For many years, gun rights advocates have fought to persuade the Supreme Court that the Second Amendment guarantees an individual right to bear arms. That battle has now been won in Heller. Indeed, all nine justices (including the four dissenters) seem to agree that there is some individual right to bear arms that goes beyond a “collective right” protection for state militias.
However, the experience of the struggle for judicial protection of constitutional property rights suggests that recognition of the mere existence of a right isn’t enough. If the scope of the right is defined narrowly by courts, recognition won’t mean much in practice. The history of constitutional property rights is instructive in this regard.
I. Recognizing Property Rights Without Actually Protecting Them.
Unlike in the case of the Second Amendment right to bear arms, the Supreme Court has always recognized that the Fifth Amendment’s Takings Clause and other property rights provisions in the Constitution protect individual rights. However, since the 1930s, the Court has defined the scope of these rights so narrowly that they get very little protection in practice. For example, the Court has always held – as it reaffirmed in Kelo v. City of New London – that property cannot be condemned unless the taking is for a “public use.” Purely “private” takings are – and always have been – forbidden by the Court. However, the Court defines “public use” to include virtually any conceivable benefit to the public, even ones that might never actually materialize. As a result, the Court still lets government condemn virtually any property for virtually any reason. In theory, there is an individual right here; in practice, not so much.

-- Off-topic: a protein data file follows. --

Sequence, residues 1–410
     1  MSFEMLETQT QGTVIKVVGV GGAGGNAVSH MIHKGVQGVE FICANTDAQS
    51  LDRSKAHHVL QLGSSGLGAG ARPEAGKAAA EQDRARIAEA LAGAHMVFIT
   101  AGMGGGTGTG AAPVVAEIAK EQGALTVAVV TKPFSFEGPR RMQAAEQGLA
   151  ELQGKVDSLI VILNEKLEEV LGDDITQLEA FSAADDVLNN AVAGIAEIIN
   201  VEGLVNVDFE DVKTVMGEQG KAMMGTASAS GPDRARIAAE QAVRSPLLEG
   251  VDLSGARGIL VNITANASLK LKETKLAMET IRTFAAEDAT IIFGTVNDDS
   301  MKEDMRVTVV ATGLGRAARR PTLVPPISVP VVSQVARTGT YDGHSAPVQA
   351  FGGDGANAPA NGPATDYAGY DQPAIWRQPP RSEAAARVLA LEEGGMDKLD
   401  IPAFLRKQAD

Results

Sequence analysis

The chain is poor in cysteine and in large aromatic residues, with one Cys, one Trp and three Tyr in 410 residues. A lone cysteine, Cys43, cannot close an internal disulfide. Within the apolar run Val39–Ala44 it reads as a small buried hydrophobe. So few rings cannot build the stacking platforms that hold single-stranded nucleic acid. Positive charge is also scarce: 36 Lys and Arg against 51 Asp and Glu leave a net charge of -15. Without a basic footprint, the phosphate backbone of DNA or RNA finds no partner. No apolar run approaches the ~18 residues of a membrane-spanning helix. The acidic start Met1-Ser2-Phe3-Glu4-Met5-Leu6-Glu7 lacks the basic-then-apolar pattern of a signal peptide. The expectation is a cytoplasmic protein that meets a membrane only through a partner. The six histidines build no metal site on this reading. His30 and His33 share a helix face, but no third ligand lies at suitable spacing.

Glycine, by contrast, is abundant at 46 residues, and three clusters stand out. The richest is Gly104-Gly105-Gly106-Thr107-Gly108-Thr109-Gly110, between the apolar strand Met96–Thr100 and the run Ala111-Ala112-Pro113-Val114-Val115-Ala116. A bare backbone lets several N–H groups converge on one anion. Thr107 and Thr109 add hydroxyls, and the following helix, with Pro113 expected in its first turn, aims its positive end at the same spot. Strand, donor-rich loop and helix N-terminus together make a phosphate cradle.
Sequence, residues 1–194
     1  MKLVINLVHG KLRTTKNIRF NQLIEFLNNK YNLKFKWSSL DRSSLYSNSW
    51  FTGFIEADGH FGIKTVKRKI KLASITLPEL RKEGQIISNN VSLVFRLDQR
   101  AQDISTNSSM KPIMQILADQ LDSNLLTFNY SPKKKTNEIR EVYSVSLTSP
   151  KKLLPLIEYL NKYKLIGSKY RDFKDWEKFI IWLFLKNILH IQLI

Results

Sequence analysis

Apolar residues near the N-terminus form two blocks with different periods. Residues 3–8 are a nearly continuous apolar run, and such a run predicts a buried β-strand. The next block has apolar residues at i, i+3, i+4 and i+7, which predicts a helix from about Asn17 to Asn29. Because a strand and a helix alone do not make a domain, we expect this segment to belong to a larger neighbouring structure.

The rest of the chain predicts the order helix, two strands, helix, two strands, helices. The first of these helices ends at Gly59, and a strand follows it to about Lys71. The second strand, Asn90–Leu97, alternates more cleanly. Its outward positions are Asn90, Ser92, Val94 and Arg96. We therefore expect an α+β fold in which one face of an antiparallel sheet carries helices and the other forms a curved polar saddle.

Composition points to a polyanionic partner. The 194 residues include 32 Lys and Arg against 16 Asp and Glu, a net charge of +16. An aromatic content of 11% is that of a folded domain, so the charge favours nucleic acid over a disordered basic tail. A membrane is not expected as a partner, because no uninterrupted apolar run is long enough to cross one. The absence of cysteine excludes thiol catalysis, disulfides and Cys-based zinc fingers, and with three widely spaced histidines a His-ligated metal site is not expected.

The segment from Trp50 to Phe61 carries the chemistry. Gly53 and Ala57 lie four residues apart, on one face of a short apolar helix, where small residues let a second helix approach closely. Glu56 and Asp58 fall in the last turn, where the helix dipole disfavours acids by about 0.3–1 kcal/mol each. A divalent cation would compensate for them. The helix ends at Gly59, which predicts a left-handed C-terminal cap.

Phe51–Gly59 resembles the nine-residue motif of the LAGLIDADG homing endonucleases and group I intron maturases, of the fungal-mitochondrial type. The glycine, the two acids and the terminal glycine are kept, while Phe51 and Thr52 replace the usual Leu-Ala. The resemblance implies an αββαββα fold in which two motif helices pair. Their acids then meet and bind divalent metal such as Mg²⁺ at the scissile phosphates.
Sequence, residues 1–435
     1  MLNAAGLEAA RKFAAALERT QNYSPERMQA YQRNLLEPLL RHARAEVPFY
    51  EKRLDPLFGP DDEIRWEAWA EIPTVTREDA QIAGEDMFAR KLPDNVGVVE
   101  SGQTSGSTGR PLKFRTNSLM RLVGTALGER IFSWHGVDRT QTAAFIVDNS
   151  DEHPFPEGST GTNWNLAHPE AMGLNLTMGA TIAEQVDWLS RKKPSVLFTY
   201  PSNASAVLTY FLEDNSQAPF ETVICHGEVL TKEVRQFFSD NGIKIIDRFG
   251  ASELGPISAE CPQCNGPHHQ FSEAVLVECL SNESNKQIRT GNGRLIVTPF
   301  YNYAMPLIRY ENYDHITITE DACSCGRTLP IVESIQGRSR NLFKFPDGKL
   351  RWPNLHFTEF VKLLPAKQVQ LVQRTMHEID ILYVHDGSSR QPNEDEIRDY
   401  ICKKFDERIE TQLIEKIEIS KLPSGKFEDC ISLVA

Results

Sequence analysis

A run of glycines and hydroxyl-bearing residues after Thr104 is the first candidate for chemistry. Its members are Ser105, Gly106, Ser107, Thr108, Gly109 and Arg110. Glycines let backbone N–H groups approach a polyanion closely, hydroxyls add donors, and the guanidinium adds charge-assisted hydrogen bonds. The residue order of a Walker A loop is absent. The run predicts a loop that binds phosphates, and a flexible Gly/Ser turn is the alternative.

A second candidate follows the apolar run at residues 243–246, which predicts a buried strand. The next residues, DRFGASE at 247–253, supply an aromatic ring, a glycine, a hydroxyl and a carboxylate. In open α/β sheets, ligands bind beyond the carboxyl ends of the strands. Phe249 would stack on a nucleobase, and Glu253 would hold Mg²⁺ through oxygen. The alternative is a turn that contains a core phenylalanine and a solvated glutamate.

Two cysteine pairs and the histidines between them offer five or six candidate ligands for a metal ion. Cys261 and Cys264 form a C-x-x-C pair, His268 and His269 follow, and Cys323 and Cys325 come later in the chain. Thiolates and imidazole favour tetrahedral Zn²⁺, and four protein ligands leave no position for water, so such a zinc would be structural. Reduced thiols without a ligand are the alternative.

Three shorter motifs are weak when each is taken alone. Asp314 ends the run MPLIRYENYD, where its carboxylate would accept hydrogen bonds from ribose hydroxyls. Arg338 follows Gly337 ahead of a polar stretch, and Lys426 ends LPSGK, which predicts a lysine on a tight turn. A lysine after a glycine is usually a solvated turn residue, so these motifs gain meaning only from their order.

Similarly, the Court has long recognized that some regulations of property that don’t involve physical occupation of land by the government might might still be onerous enough to be considered “takings” requiring “just compensation” under the Fifth Amendment. However, in cases such as Lucas v. South Carolina Coastal Commission and Tahoe-Sierra Preservation Council v. Tahoe Regional Planning Agency, the Court decided that such regulations are only presumptively considered takings if they permanently wipe out 100% of the economic value of the property in question. If a regulation wipes out 98% of the value permanently, or %100 of the value for a period of twenty years, the property owner is probably out of luck. In practice, government officials can almost always draft regulations in such a way that their impact is not quite permanent and/or allows the owner to retain some tiny percentage of his land’s value. Thus, property owners have little or no real protection against regulatory takings – despite the Supreme Court’s recognition of an individual right.
II. Implications for Gun Rights.
It is easy to see how this point applies to gun rights. Although Justice Scalia’s majority opinion in Heller firmly establishes the Court’s recognition of an individual right to bear arms, it also lists a large number of “presumptively valid” firearms regulations, including “longstanding prohibitions on the possession of firearms by felons and the mentally ill, or laws forbidding the carrying of firearms in sensitive places such as schools and government buildings, or laws imposing conditions and qualifications on the commercial sale of arms.” The opinion also recognizes the validity of “the historical tradition of prohibiting the carrying of “‘dangerous and unusual weapons.'” Many of these exceptions to the right to bear arms could potentially be used to swallow up the rule. Most obviously, “laws imposing conditions and qualifications on the commercial sale of arms” could easily be drafted in ways that make the purchase of firearms prohibitively difficult or expensive for most ordinary citizens. For example, Justice Scalia emphasizes that the right to bear arms is historically rooted in the right to self-defense. State and local governments could potentially enact laws requiring would-be gun purchasers to provide extensive and specific evidence that they really do need a firearm for self-defense before allowing them to purchase guns.